Film Review: The Taking of Pelham 123


pelham

I won’t beat around the bush – this is pretty bad. If you’ve been anywhere near a mainstream cinema lately, you’ll probably have seen the trailer. Sad to report, you don’t need to see any more than that…

It’s the third filmed version of this story, following a well regarded 1974 version and a little-seen TV-movie from 1998 and it’s easy to see why director Tony Scott decided to revisit the material. On paper it sounds like a lean, mean action machine: bad guy hijacks subway train; passengers will die if his ransom demands are not met within one hour; heroic New York City transit employee comes to the rescue. Cast John Travolta and Denzel Washington as the bad guy and the hero respectively and you can’t go wrong, right?

Wrong. In my opinion, the film was woeful on almost every level…

Tony Scott employs his usual flashy style, with a sudden zoom or a jump-cut every ten seconds or so. Yes, it’s kinetic and colourful and some clever sound-design is employed to amp up the sense of urgency. Scott tries really hard to inject as much action as he can above-ground, with car crashes and swooping helicopters and lots of men in uniform running around. But you can’t hide the fact that for much of its running time, this is basically a filmed conversation between a man having a bad day at work and an angry person on an underground train.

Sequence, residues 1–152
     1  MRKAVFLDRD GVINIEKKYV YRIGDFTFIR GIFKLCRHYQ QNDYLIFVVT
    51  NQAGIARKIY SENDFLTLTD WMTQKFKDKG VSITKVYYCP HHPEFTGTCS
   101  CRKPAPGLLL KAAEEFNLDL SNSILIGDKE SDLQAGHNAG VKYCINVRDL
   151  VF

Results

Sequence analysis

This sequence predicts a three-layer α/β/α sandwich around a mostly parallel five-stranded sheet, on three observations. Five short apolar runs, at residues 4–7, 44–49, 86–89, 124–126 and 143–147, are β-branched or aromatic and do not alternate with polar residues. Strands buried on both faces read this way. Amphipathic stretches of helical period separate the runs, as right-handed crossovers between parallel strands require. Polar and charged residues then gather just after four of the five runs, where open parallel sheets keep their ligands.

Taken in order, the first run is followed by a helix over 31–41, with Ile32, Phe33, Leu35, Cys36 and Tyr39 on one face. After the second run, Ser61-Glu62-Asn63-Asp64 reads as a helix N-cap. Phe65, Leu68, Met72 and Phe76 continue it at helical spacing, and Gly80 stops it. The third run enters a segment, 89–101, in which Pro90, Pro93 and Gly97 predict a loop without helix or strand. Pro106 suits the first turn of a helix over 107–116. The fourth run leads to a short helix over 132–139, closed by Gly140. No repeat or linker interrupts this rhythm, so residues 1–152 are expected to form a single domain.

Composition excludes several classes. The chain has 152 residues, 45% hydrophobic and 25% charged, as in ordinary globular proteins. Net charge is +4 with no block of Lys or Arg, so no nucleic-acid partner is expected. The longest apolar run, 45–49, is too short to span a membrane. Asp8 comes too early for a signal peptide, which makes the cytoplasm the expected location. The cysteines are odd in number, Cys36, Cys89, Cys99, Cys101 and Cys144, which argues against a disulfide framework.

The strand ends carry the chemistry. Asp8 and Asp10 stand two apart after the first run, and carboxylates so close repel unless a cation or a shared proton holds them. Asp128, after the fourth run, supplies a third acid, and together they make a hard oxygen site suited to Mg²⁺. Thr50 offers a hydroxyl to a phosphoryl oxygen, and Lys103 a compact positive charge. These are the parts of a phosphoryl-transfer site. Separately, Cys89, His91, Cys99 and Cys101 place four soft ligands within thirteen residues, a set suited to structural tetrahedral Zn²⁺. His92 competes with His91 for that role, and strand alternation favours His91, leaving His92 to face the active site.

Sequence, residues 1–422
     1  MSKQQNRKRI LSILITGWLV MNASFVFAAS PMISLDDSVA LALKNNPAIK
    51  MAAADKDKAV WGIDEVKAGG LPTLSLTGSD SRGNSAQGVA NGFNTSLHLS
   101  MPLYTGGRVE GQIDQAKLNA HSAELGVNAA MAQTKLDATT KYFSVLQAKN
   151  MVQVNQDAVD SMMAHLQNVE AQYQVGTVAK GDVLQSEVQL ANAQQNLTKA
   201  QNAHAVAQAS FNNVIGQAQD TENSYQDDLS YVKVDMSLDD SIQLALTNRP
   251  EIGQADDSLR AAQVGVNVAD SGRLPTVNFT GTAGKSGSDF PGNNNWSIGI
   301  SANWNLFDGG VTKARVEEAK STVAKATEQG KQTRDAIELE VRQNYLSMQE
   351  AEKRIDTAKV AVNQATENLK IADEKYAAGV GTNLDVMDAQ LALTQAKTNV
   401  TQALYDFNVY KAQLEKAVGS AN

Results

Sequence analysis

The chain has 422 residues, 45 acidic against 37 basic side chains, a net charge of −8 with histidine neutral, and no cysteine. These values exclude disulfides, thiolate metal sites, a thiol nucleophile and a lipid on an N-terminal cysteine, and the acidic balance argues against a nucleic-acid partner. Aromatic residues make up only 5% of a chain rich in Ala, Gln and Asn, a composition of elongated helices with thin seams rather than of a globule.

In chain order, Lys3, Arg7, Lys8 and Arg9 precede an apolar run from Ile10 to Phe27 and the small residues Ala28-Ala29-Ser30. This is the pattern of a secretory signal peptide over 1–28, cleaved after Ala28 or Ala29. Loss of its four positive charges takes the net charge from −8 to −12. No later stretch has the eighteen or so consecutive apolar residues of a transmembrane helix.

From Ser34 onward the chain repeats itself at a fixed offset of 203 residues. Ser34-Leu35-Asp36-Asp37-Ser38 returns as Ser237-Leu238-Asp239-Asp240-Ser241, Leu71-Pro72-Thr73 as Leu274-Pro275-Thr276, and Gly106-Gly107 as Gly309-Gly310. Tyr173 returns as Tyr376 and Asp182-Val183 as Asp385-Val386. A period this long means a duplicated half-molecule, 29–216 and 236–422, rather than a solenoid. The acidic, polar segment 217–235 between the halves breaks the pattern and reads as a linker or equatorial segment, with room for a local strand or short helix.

The performances are very ordinary. Travolta does bring some weight to his role – about 50 kilos worth by my estimation. He’s been veering towards chunky in recent years, but this really shows that there was less padding under the Edna Turnblad costume than we thought. The crazy schtick he employs here is strictly off-the-shelf – a mixture of softly-spoken menace and sudden shouting, plus a neck tattoo for extra edginess.

And honestly, is there a duller actor working today than Denzel Washington? I know we like it when he plays bad guys, but presumably this is because we’re shocked he isn’t playing the same old world-weary everyman whose lips quiver to indicate each ‘dramatic moment’. He’s ordinary here to the point of being invisible and frankly, it’s tough to care whether he succeeds or not in his endeavours to save the day.

And whose idea was it to cast James Gandolfini as an obsequious Mayor coming to the end of his tenure? We all know he’s more than just Tony Soprano, but I really don’t think anyone buys this guy as weak and nervy.

I love movies and I’ll always find something positive to say about a film whenever I can. In this case, I’ll allow that the credits are interesting and the gunplay is pleasingly brutal.

I’m not being snobbish and I enjoy a popcorn no-brainer as much as the next person, but if you’re in the mood for that kind of entertainment, approach with caution. You’d be wiser staying in and watching an episode of CSI – it’s half as long and twice as well-made.

Review by: The All Knowing I

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2 Responses to “Film Review: The Taking of Pelham 123”

  1. Louis Says:

    Washington is the best actor working today. It wanted the histrionic group between those who are Pitt and Penn arrived in the shoe sole. The review seems illogical and poorly written.

    • macarthursmutterings Says:

      Did you actually see the film? Fair enough you may not agree with the review, but “illogical and poorly written” – really!?

      Feel free to write your own review, I would be happy to put it on here as a counter point of view.

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